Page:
In this workshop, participants will practice and reflect on the different uses of instant messaging from online teaching, to face to face class use, to communication outside of class. Activities will include a look at best practices, looking at both in class and outside class uses of instant messaging, and the creation of message templates to take away and use for future communications.
Wilmie Van Schalkwyk, is an Educator in the School of English and University Pathways at RMIT Vietnam. She completed her bachelor’s in language studies, and followed it up with a PGCE in language teaching. After deciding to teach abroad she completed a TEFL-YL and later a CELTA in order to teach older students. She has been teaching for almost 8 years, 3.5 of which in Vietnam, to a wide variety of ages and learners. Before coming to Vietnam, she taught in South Africa, Austria and the Maldives. Wilmie is interested in the development of teaching practices in an ever changing world and in finding ways to engage with students that go beyond the classroom.
Independent learning opportunities in the online classroom
It is difficult for teachers to encourage independent learning in any classroom but the online classroom presents even more difficulties as teachers often cannot “see” what students are doing. Experience shows that, with some innovation and agility, the online classroom actually presents more opportunities for encouraging autonomous and asynchronous learning. Furthermore, these techniques and tools can be adapted to better encourage independent learning in a traditional face-to-face classroom environment. This workshop will share tips for encouraging autonomous and asynchronous learning opportunities in the online teaching environment (which can also be adapted to the face to face classroom). It will also introduce some useful online tools that teachers can utilise when teaching online or face-to-face. Participants will leave the session with practical ideas of how to better encourage and develop independent learning in the classroom (whether online or face-to-face). Furthermore, they will be introduced to online tools that can be immediately used in their own teaching contexts with little to no set-up.
James Henry Barnett is a Senior Educator and Professional Learning Specialist in the School of English and University Pathways (SEUP) at RMIT Vietnam. He holds a Masters of Applied Linguistics. He has a keen interest in supporting the professional learning of colleagues and in mentoring others. He is contactable at email@example.com learning, materials writing, grammar instruction and, more broadly, second language acquisition and how it informs classroom practice.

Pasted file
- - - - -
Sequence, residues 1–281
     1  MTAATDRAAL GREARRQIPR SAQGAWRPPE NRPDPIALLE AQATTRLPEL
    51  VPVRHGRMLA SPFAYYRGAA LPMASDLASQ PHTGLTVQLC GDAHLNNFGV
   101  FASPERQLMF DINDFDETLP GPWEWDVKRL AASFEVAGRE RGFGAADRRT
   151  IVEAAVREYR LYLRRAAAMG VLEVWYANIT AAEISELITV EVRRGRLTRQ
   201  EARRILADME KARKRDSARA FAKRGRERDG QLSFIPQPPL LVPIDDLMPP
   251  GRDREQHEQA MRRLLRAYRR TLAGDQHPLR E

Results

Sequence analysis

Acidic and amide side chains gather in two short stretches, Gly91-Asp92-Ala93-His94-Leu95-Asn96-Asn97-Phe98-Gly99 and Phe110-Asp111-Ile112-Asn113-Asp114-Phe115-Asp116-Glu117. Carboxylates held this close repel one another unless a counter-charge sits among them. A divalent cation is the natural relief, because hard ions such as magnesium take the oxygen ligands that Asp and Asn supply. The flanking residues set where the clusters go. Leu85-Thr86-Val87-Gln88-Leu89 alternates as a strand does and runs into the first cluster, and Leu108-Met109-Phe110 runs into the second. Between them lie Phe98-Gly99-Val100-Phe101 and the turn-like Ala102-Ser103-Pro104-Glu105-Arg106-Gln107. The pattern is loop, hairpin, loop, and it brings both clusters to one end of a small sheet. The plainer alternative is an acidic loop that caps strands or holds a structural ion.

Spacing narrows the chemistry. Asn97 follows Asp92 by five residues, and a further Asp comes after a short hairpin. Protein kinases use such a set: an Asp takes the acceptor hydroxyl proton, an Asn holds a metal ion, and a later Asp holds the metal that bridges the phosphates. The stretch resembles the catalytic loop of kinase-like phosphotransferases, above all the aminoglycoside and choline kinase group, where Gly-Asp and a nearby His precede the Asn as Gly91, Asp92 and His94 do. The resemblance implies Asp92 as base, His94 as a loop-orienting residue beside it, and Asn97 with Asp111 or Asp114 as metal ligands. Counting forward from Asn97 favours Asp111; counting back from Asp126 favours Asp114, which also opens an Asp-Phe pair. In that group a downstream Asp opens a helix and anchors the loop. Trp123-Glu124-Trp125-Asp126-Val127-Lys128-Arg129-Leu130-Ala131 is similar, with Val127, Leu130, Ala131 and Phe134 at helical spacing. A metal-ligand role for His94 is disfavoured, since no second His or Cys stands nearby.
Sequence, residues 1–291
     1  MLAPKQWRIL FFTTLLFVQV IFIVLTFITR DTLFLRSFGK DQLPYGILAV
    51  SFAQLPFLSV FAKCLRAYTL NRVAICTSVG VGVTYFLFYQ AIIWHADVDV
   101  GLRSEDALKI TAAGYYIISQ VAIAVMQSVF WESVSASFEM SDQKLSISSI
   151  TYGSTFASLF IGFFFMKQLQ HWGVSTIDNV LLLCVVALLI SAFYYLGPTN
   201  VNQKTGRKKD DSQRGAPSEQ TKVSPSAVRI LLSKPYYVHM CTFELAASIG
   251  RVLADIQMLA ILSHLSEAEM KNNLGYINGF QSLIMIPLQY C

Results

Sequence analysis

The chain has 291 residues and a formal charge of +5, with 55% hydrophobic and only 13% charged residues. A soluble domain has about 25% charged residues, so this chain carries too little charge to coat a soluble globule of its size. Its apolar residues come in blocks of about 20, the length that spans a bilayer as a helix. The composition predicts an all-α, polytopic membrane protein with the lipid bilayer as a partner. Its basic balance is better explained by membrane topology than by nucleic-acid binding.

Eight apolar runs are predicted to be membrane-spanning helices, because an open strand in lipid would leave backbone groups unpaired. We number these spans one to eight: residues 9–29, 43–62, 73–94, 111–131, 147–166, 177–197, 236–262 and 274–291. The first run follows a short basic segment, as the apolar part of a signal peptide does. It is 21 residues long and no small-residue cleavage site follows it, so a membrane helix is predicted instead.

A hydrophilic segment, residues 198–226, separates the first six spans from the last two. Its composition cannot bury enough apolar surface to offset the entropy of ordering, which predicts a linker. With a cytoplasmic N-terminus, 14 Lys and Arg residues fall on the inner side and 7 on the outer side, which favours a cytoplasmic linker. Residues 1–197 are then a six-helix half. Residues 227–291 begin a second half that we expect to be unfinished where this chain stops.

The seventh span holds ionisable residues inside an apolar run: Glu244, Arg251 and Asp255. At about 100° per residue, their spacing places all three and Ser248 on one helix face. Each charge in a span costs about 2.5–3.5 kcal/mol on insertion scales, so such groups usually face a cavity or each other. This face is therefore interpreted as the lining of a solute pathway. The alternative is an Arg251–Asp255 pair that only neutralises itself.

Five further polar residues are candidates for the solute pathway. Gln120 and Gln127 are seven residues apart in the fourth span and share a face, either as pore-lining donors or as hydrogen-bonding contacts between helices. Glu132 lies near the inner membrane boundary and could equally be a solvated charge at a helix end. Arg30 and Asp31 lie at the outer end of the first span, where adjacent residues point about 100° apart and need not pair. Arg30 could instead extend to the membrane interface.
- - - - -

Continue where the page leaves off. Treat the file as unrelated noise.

Teaching and learning with SkELL: Familiarizing language teachers with a user-friendly online concordancing technology
One of the challenges of our current teaching and learning context is the purposeful use of technology in face-to-face or online language classrooms. SkELL, a concordancing technology which is the focus of this workshop, is an innovative and user-friendly digital tool that responds to our learners’ need for more effective teaching and learning of English vocabulary. By searching a corpus of everyday language, learners are provided with contextualized examples and authentic forms to encourage discovery and noticing of language meanings, uses and patterns. The purpose of this workshop is to educate participants on SkELL’s design and use and to showcase its application in interactive classroom activities that participants can take away and adapt to their own contexts.
Matthew Rossman (BA, LLB, Delta) is an Educator with the School of English and University Pathways at RMIT Vietnam. He has teaching experience in a number of different countries including Canada, Colombia, Costa Rica and Vietnam. He has lived in Ho Chi Minh City since 2010. He is currently working on his master’s degree in digital technology, communication and education.
Teacher-led wellbeing in uncertain times
“Wellbeing” at RMIT School of English and University Pathways (SEUP) consists of staff engagement, community engagement, and health-focused activities. Staff wellbeing was a primary concern for SEUP during the first phase of online remote working and the multiple phases of remote working transitions have meant that wellbeing initiatives have required flexibility. Early in 2020, a Wellbeing Working Group was established to address the changing wellbeing needs of our team.
The formation of the Wellbeing Working Group allowed SEUP to pivot from face-to-face top-down wellbeing initiatives to fully online omnidirectional engagement and peer support. The use of social media and communication platforms has enabled a more inclusive, connected, and interactive wellbeing ‘community of interest’ across SEUP.